The Latest: Sheriff defends public ‘missing’ list after fire
PARADISE, Calif. (AP) — The Latest on California wildfires (all times local):
A Northern California sheriff says he has no regrets publishing an inaccurate list of people reported missing after a massive wildfire.
Butte County Sheriff Kory Honea said Monday that he decided it was better to have as much information made public than “work to perfection” by releasing only the names of residents who were confirmed missing. Any message the department received with the name of someone believed to be missing was added to the list.
He said some on his staff were concerned that releasing the list would cause confusion and an unmanageable influx of calls from concerned loved ones.
Authorities in charge of relief efforts after a wildfire swept California wine country last year didn’t release the names of the missing for those reasons.
Honea says publishing the list led to significant help from the public in locating people.
Two brothers from Chicago who wanted to help after a deadly blaze in Northern California drove more than 2,000 miles (3,220 kilometers) to deliver hay, grain, dog food and batteries.
Kari Wheeler of Wheeler Ranch and Feed tells San Francisco Bay Area television station KTVU that brothers Arek and Danny Zachara arrived at her ranch Friday. It’s been a volunteer command post for North Valley Animal Disaster Group that’s helped rescue and care for animals affected by the blaze.
Wheeler says the brothers spent a few hours unloading their trailer at her ranch in Briggs. They then drove to nearby Magalia to donate the rest of their gear to a woman and her animals.
Wheeler says people from Idaho, Utah and Oregon also have made donations to help hundreds of affected animals.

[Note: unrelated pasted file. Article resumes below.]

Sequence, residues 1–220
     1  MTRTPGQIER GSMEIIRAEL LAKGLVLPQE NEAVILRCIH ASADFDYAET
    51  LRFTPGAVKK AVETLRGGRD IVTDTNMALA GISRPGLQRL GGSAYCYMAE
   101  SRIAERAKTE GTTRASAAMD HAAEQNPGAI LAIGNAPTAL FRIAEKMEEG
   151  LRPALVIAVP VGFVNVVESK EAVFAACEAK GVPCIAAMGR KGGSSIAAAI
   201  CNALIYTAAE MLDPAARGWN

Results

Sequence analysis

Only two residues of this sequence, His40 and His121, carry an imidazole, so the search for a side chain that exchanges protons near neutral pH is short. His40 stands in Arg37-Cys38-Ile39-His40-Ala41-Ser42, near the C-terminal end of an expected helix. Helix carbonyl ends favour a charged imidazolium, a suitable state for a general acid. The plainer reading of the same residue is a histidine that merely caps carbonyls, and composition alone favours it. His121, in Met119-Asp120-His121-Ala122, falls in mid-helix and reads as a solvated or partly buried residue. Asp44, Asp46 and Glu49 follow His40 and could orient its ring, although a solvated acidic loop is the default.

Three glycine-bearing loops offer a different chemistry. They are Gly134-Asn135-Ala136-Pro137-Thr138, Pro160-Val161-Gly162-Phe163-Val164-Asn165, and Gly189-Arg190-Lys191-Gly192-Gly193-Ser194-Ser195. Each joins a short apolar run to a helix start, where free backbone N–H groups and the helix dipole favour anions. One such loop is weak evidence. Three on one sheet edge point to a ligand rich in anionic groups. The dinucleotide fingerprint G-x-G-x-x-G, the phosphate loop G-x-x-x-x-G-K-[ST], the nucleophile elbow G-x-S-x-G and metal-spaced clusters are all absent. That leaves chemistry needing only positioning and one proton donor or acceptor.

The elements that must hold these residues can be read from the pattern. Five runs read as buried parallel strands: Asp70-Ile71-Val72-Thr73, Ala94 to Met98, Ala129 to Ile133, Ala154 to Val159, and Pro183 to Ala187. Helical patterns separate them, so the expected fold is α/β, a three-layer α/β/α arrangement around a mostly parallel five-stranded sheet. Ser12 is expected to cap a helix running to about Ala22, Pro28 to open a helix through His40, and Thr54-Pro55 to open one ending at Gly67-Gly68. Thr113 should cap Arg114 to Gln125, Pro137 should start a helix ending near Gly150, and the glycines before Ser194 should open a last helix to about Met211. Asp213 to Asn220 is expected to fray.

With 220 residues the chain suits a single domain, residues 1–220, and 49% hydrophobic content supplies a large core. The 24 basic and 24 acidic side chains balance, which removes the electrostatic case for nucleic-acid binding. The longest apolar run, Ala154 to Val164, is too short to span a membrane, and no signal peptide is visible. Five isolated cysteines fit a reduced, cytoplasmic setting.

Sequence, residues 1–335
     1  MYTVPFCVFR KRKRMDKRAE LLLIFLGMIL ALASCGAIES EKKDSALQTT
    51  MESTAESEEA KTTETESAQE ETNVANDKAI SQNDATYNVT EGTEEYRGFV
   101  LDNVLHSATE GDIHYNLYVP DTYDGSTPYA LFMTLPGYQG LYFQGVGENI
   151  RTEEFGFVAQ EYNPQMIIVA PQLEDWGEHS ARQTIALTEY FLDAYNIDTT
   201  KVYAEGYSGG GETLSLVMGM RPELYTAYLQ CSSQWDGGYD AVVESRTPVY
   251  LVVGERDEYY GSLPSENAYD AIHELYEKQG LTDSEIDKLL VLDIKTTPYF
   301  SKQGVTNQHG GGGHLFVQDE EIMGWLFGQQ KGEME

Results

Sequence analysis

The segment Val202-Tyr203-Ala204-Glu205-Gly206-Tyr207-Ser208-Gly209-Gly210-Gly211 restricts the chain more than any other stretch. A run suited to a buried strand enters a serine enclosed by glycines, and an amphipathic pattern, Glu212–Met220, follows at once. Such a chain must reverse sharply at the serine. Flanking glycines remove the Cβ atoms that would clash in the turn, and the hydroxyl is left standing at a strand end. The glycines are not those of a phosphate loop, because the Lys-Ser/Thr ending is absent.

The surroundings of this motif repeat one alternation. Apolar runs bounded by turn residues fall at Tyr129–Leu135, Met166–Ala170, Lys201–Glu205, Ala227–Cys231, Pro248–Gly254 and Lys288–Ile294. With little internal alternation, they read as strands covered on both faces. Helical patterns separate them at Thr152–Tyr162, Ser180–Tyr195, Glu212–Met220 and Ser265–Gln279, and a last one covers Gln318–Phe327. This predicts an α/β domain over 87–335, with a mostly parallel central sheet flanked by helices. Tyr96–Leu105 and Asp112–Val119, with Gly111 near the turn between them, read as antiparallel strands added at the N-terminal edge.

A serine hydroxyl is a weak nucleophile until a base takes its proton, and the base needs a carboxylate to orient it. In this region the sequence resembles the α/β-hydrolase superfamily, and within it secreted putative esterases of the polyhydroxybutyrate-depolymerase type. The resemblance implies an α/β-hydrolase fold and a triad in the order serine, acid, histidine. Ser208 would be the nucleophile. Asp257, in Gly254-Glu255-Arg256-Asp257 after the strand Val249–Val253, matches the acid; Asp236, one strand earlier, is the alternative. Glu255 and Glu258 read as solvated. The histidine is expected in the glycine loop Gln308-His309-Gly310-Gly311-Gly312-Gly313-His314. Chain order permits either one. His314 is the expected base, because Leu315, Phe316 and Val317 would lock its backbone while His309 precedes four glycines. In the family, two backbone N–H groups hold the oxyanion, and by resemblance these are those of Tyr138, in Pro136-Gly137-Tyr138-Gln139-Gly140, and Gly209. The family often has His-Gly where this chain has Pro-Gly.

The Federal Emergency Management Agency has distributed more than $20 million in assistance for people displaced by California’s deadliest wildfire.
FEMA spokesman Frank Mansell said Monday that $15.5 million has been spent on housing assistance, including vouchers for hotel rooms. He says the disaster response is in an early phase but many people will eventually get longer-term housing in trailers or apartments.
FEMA has also distributed $5 million to help with other needs including funeral expenses.
About 17,000 people have registered with the federal disaster agency, which will look at insurance coverage, assets and a variety of other factors to determine how much assistance they are eligible for.
The blaze that ignited Nov. 8 destroyed more than 13,000 homes and killed at least 85 people.
Officials said the blaze was fully contained Sunday.
Survivors of a monstrous 2017 wildfire have erected a twinkling 12-foot Noble fir in another Northern California town also ruined by wildfire.
The Mercury News of San Jose reports the head of a Santa Rosa, California neighborhood association drove up to Paradise on Thanksgiving with a donated tree and decorations.
Ronnie Duvall says it was good to show the rest of the world that people can come together when disasters strike. The tree has white lights, purple and gold ornaments and a star.
The small town of Paradise was leveled in the Camp Fire that started Nov. 8 in the Sierra Nevada foothills. It killed at least 85 people.
Santa Rosa’s Coffey Park neighborhood was decimated in one of several wildfires that sparked in wine country last year.